Want to Be More Productive? Do Less More Frequently
Best-selling Die Empty author Todd Henry puts a strict limitation on his creating. You should consider the same approach
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History is filled with stories of writers doing all nighters in a rush of inspiration. We hear the same stories in entrepreneurship and in corporate business and so on. What is much more common, though, is creating something awesome within simple, boring discipline. Here's the funny thing: Discipline works.
Todd Henry, the author of the best-seller Die Empty, uses a basic strategy to have amazing results. Sometimes a routine is all you need to succeed.
Henry says that he writes 50 minutes a day. That's it. The rest of the day is spent doing other things. And once he put in this discipline, he says he was much more productive than before.
There are a few clear reasons why this works:
- Enabling deep work: It's wiser to spend a specific time every day doing a task than to do small efforts or, worse, multitask throughout the day. As Deep Work author Cal Newport argues, it takes the mind a long time to focus on a particular task - and, once it does, it is able to be more insightful and efficient than it ever could otherwise.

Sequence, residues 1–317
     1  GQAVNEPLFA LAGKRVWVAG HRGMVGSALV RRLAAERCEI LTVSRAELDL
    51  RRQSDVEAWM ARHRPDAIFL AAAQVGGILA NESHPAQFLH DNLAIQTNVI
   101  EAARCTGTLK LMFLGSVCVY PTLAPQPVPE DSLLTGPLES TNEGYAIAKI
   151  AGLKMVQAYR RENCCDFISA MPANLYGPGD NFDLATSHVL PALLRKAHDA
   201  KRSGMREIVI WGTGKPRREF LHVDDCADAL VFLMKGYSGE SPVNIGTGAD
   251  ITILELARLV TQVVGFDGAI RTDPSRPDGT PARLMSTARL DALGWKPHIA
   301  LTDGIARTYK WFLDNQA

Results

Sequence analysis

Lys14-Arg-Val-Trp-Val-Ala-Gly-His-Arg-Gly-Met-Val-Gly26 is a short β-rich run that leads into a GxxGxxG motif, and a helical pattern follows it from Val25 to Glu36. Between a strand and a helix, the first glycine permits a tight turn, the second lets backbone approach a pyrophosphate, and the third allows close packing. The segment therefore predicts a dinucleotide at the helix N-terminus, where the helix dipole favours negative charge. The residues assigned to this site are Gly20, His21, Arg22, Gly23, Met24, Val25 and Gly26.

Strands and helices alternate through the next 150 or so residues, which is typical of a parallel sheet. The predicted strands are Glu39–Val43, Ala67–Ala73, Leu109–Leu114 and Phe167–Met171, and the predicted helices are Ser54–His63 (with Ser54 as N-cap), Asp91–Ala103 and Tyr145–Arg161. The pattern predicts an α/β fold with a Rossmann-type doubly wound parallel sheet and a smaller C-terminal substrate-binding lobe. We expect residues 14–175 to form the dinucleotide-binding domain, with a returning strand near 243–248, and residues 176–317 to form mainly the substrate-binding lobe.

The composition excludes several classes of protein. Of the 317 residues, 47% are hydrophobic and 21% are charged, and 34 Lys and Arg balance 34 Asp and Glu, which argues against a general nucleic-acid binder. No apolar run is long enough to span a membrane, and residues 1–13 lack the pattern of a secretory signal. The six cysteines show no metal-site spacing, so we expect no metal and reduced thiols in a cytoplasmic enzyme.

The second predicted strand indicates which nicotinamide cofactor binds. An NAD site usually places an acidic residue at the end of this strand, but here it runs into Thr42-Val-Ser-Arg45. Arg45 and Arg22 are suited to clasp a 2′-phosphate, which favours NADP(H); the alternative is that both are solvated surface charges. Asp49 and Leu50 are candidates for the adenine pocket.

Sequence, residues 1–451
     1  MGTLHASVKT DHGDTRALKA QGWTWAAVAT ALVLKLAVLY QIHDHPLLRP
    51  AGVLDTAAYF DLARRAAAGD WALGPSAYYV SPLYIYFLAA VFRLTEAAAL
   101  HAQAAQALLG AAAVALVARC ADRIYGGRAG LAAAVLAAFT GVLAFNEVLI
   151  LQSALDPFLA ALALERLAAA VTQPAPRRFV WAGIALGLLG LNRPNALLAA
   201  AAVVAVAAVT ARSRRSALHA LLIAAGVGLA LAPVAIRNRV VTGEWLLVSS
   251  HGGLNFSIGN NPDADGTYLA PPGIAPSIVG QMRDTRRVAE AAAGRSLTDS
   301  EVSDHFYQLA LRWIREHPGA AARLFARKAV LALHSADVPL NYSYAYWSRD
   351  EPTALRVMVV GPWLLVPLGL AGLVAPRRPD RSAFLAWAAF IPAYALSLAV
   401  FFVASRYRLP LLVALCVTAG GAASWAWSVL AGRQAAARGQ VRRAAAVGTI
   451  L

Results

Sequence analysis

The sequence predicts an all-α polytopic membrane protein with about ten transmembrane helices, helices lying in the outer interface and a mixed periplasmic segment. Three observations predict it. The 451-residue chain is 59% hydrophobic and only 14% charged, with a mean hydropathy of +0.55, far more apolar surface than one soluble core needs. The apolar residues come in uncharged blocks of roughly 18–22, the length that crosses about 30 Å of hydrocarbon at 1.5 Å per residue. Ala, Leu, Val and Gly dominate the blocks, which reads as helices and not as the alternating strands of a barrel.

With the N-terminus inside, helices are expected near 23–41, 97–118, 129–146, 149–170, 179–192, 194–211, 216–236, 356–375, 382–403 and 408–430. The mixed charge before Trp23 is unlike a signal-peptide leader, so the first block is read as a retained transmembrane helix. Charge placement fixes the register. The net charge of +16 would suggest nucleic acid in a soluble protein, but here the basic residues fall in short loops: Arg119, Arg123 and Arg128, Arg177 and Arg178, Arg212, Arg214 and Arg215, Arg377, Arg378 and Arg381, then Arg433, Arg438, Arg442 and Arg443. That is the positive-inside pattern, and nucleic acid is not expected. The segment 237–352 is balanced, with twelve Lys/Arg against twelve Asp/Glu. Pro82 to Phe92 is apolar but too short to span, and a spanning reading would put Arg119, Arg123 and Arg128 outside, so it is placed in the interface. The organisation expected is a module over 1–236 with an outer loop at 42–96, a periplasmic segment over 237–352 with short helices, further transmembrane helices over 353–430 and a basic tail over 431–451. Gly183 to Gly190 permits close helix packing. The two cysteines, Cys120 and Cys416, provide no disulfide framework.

- Establishing routine: The most common thing among successful people is having a morning and/or evening routine. I have a young, active family, but even I have a routine that fits within my lifestyle. The point isn't to have an elaborate set of rituals, but to have a set plan that your brain and body will anticipate.
- Letting go of judgment: Henry doesn't talk about doing great writing or publishable writing. He just says he writes for about an hour every day. What a great attitude!
To paraphrase James Altucher, the point isn't to always have perfect output, but to continuously encourage creation - and the more you create, the better your chance of a home run. Or a best seller.